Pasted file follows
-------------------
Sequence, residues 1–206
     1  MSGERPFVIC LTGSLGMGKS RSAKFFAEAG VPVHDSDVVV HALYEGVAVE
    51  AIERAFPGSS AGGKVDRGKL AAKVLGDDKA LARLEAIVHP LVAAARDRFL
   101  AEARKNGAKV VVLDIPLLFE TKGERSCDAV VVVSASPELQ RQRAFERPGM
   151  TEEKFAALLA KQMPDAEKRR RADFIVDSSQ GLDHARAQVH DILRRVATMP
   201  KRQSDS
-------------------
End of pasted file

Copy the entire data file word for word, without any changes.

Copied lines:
Sequence, residues 1–206
     1  MSGERPFVIC LTGSLGMGKS RSAKFFAEAG VPVHDSDVVV HALYEGVAVE
    51  AIERAFPGSS AGGKVDRGKL AAKVLGDDKA LARLEAIVHP LVAAARDRFL
   101  AEARKNGAKV VVLDIPLLFE TKGERSCDAV VVVSASPELQ RQRAFERPGM
   151  TEEKFAALLA KQMPDAEKRR RADFIVDSSQ GLDHARAQVH DILRRVATMP
   201  KRQSDS